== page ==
And the nominees are ... 

Alec Baldwin and Steve Martin competed against each other to tame Meryl Streep in “It’s Complicated.” This Sunday, they join forces as hosts for an even riskier challenge. It’s the most complicated gig in showbiz — trying to enliven that long, often-boring television event known as the Academy Awards. In probably the juiciest contest, the 82nd annual ceremony pits James Cameron of “Avatar” against his own wife, Kathryn Bigelow of “The Hurt Locker,” for best director. Who will get custody of Oscar in that category? Probably Bigelow. Here are some other predictions and preferences:

 

Best Picture

Will win: “Avatar”
It’s the first time in more than 60 years that the Academy of Motion Picture Arts and Sciences has endorsed 10, instead of five, best picture nominees. The idea was to make sure commercial films, not just artsy specialties, made the cut to attract interest in the TV program. Domestically, internationally, any way you slice it, Cameron’s blue-critter flick is the biggest moneymaker of all time and has revolutionized special effects technologies. Hollywood’s establishment will appreciate that.

Should win: “Precious”
Though “Avatar” has size, “Inglourious Basterds” has thrills, “Hurt Locker” has tension, “Up in the Air” has Clooney, and “Up” — a shoo-in to win in the best animated film race — has joy, the lower-key “Precious” is the most unforgettable and meaningful film of 2010. An illiterate girl finds strength against the worst odds imaginable in this awe-inspiring actors’ showcase. If “The Blind Side” beats it, that would be a travesty on par with Björk’s 2001 swan dress.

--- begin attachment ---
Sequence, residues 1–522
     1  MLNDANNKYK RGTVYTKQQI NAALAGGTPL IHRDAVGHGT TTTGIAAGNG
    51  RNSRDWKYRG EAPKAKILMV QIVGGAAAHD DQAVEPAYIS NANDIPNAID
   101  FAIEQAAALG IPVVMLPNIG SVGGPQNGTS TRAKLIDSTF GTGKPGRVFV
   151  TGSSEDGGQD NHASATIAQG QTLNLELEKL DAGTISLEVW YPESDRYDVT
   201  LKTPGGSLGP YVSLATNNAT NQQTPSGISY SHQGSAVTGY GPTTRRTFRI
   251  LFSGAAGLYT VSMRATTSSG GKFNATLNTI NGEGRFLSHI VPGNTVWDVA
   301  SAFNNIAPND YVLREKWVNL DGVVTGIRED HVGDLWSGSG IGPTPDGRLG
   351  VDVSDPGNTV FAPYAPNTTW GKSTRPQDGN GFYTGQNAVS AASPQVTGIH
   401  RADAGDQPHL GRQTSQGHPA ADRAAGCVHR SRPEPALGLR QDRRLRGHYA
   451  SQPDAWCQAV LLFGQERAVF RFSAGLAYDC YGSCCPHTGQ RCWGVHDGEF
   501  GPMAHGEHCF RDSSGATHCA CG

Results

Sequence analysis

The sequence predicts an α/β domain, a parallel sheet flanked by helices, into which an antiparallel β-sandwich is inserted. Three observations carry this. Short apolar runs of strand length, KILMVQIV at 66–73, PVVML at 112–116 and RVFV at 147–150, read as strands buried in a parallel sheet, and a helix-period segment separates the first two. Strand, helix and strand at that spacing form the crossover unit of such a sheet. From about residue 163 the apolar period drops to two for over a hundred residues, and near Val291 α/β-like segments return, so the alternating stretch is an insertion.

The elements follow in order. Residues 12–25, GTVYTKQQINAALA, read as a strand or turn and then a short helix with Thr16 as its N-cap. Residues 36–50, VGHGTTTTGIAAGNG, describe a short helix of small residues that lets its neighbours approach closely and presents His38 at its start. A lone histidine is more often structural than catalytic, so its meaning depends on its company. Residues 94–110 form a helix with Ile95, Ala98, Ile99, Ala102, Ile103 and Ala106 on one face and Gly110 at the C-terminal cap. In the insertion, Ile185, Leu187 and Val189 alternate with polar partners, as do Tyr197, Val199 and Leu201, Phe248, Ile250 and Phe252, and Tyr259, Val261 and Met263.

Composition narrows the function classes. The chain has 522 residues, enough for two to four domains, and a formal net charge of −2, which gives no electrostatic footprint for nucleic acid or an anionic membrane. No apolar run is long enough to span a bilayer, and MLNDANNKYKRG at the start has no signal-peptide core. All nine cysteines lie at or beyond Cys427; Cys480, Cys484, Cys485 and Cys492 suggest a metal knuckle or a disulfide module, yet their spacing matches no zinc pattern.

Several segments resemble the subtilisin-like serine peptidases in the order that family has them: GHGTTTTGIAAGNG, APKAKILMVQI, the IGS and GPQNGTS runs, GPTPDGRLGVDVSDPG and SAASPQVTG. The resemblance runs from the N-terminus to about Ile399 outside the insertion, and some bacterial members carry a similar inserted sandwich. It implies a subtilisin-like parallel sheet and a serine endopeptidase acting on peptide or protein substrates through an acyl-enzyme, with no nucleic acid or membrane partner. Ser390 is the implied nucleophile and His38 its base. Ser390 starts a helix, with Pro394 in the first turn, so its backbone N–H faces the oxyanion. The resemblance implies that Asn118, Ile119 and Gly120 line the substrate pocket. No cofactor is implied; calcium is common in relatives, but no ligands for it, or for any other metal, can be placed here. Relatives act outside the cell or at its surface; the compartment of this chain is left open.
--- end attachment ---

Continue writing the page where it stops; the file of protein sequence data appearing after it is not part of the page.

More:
Best Actor

Will win: Jeff Bridges
Bridges is one of the most-respected but least-recognized talents in the business. He will get an Oscar because he’s never won before after four nominations and 40 years of consistent work. Also, Academy voters love the showier acting requirements of a drunk, over-the-hill country-musician character like his.

Should win: Jeff Bridges
And he plays that brilliantly. He communicates Bad Blake’s alcohol-fueled moments without ever straying into swooning, slurring parody. More importantly, he captures Bad’s bluesy world-weariness in every gesture while singing and playing guitar like a seasoned pro.

 

Best Actress

Will win: Sandra Bullock
In what will likely be the biggest injustice in recent Oscar memory, this one-note cutie pie will get the nod. Why? Because they like her. They really, really like her. And she beat out the other category favorite, Streep, in their last head-to-head showdown at the Screen Actors Guild Awards.

Should win: Gabourey Sidibe
Bullock is an appealing movie star, incapable of thespian nuance. Meanwhile, Sidibe — in real life she’s nothing like the shy young incest victim she’s now mistaken for — turns her title character into a completely original kind of heroine. Devastating in its restrained power, the prodigy actress takes a shutdown shell of a person from the ghetto and gives her a universal humanity.

 

Best Supporting Actor

Will win: Christoph Waltz
He has won almost all the precursor critics’ and guild awards. And, the Academy loves a supernasty bad guy, like the smarmy Nazi puppet master he portrays in Quentin Tarantino’s darkly satiric revenge fantasy.

Should win: Christoph Waltz
This unknown Austrian is superdelicious to watch. Never has a cold-blooded sadist been so oddly charming and frightening at the same time. Waltz’s Hans Landa fully steals his movie, which is what a great supporting performance is supposed to do.  

 

Best Supporting Actress

Will win: Mo’Nique
Again, the “villain corollary” of Oscar-predicting logic applies. In the supporting races, when one of the nominees plays a really captivating evildoer, he or she can often beat out the others. And, like her male counterpart Christoph Waltz, Mo’Nique has swept the early indicator contests.

Should win: Mo’Nique
The other women in this race are helpful to their respective films, but none of them even comes close to exerting the full-out, ferociously brave expressiveness of the stand-up comedian. She turns her old résumé upside down to inhabit the most horrifically abusive mother since Greek tragedy. And yet, she somehow makes us understand her hateful Mary Jones.

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Sally Kline

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